Development assistance should prioritise strengthening public education systems, UN expert says
26 June 2019
GENEVA (26 June 2019) ‑ Private sector involvement in education must be strictly controlled, a UN expert has told the Human Rights Council.
“First and foremost, education is a human right, a public good and an obligation of States,” said Koumbou Boly Barry, Special Rapporteur on the right to education, who was presenting a report on the implementation of the right to education and Sustainable Development Goal 4 in the context of the growth of private actors in education.
The aim of Sustainable Development Goal 4 (SDG 4) is to ensure that by 2030 “all girls and boys receive a full cycle of free and quality primary and secondary education on an equal footing, leading to truly useful learning”.
Over the past two decades, there have been massive, unprecedented changes in the structure of education systems, whereby private actors have taken a stronger role in all countries, the Special Rapporteur said.
“Those changes create a phenomenon of privatisation in and of education, threatening the right to education, and the realisation of SDG 4. I call on all States to firmly regulate that sector,” she said.
“I regret that resorting to the private sector has now become an integral part of donors' development assistance strategies,” the expert said. “Resorting to the private sector, in particular the commercial sector, in an attempt to resolve problems encountered by public education systems is a step in the wrong direction and shall not be seen as ineluctable.”
Boly Barry warned that, while private education may sometimes be necessary to temporarily reach the largest number of students, as well as to guarantee freedom of education and to offer parents and learners freedom of choice, the use of for-profit private actors leads to many abuses.
“All too often, seeking to maximise profits, these actors do so through the recruitment of unqualified teachers, exclusion of students who cannot pay school fees, inadequate infrastructure, and overcrowded classes. Contrary to the claim made by commercial actors, in many cases, poor quality education then results from the privatisation of education.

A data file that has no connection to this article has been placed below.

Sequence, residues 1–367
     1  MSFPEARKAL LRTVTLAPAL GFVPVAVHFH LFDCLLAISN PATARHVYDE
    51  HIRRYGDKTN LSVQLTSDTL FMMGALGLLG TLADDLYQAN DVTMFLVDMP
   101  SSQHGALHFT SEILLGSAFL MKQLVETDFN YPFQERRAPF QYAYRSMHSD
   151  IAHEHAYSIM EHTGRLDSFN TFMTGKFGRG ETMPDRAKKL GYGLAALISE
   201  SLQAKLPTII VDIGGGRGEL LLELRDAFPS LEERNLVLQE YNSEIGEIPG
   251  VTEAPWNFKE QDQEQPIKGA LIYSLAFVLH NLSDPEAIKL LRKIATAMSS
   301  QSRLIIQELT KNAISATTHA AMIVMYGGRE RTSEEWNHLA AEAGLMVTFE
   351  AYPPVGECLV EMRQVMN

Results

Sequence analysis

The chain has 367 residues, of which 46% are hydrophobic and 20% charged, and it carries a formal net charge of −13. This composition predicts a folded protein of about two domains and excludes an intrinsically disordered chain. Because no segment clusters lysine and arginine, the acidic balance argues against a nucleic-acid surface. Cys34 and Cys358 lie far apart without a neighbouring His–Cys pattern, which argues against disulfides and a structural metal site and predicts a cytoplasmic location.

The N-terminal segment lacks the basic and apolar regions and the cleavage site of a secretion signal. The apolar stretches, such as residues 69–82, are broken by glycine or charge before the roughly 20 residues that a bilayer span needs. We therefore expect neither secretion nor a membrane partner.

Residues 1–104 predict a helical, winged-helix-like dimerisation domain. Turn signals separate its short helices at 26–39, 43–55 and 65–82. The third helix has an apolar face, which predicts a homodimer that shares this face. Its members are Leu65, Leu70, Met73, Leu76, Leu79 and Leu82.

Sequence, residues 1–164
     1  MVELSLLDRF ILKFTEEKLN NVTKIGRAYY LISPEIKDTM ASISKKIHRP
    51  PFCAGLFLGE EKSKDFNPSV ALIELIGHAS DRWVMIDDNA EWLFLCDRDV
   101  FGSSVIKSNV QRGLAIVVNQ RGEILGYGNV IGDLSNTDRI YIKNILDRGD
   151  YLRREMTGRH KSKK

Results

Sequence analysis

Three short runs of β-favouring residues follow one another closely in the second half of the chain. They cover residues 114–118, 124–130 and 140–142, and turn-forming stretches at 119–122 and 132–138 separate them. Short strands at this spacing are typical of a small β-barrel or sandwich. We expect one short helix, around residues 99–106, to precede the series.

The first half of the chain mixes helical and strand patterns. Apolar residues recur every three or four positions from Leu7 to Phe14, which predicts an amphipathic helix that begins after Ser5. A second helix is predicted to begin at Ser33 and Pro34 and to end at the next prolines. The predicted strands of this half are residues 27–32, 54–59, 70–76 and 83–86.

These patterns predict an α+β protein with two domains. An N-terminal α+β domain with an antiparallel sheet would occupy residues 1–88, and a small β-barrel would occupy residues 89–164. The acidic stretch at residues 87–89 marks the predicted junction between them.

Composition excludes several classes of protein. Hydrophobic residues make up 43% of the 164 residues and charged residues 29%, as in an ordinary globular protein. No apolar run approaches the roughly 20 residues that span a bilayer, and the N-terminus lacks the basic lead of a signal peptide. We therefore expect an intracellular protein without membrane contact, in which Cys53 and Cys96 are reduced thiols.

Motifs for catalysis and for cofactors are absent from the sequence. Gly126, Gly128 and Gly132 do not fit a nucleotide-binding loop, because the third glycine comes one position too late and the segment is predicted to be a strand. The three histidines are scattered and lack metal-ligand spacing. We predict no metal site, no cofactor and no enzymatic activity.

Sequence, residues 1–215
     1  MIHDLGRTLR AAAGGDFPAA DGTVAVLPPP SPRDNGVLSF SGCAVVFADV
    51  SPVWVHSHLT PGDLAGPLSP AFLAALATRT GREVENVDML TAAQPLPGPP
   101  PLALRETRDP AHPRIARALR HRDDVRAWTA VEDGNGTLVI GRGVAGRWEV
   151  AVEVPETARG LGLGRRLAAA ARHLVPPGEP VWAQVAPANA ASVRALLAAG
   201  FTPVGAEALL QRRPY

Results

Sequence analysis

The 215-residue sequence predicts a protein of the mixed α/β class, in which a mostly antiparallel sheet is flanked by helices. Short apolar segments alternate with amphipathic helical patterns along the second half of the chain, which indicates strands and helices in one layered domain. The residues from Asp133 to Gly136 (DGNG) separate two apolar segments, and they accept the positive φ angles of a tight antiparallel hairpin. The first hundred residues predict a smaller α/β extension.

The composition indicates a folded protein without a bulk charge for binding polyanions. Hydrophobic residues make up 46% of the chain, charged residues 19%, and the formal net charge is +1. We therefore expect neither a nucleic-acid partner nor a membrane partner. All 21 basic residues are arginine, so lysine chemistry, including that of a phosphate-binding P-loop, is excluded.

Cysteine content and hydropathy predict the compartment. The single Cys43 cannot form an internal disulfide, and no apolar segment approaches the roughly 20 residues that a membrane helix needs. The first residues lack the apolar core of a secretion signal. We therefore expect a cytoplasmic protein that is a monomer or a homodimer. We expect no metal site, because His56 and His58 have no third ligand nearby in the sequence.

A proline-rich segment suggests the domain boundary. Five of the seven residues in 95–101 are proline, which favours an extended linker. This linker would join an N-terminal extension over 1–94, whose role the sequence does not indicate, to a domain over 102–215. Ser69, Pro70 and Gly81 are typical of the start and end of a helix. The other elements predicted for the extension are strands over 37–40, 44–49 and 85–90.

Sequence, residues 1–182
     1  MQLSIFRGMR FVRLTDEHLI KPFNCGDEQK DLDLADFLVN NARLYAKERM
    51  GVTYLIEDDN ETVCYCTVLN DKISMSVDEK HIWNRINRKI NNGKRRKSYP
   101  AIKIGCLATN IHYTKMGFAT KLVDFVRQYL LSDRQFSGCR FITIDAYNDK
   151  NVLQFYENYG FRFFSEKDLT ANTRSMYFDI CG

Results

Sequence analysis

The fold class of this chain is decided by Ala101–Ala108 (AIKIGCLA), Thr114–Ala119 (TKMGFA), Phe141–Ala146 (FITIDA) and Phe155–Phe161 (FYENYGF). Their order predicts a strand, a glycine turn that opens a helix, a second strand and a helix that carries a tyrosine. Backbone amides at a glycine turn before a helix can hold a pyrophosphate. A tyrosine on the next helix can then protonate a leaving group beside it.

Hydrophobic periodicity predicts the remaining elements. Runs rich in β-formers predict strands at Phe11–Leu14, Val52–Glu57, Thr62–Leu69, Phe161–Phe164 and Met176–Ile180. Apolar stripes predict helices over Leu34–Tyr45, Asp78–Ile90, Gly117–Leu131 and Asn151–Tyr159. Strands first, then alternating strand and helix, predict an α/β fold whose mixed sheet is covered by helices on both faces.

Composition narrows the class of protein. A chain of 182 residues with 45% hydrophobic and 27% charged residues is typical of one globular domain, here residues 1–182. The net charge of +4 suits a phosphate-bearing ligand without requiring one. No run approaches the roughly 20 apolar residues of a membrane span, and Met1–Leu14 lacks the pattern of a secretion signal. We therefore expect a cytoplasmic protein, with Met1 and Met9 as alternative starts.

“Member States as well as agencies and organisations providing development aid should not provide financial support to commercial educational institutions. The focus of any assistance should instead be on strengthening the public education sectors,” the Special Rapporteur said, adding that this principle is highlighted by the Guidelines on Private Sector Participation in Education, recently adopted in Abidjan.
Boly Barry said that she had very recently contacted the Global Education Partnership to express her concern over its discussion of the possibility of financing commercial actors working in the field of education, and that she intends to continue the discussion with them on that issue.
Ms. Koumbou Boly Barry (Burkina Faso) took office as Special Rapporteur on the right to education on 1 August 2016 following her appointment at the 32nd session of the Human Rights Council. She holds a PhD in Economic History from Cheikh Anta Diop University in Senegal. She is the former Minister of Education and Literacy of Burkina Faso and has consulted widely for various governments and international institutions on the right to education. Ms Boly Barry has been an advocate on gender issues in education. She also has ample knowledge and experience in training and research, is a visiting professor at the University of Nottingham, United Kingdom, University of Louvain La Neuve Belgium, and a lecturer at Ouagadougou University, Burkina Faso, Vitoria University, Brazil and Fribourg University, Switzerland.
The Special Rapporteurs are part of what is known as the Special Procedures of the Human Rights Council. Special Procedures, the largest body of independent experts in the UN Human Rights system, is the general name of the Council’s independent fact-finding and monitoring mechanisms. Special Procedures mandate-holders are independent human rights experts appointed by the Human Rights Council to address either specific country situations or thematic issues in all parts of the world. They are not UN staff and are independent from any government or organization. They serve in their individual capacity and do not receive a salary for their work.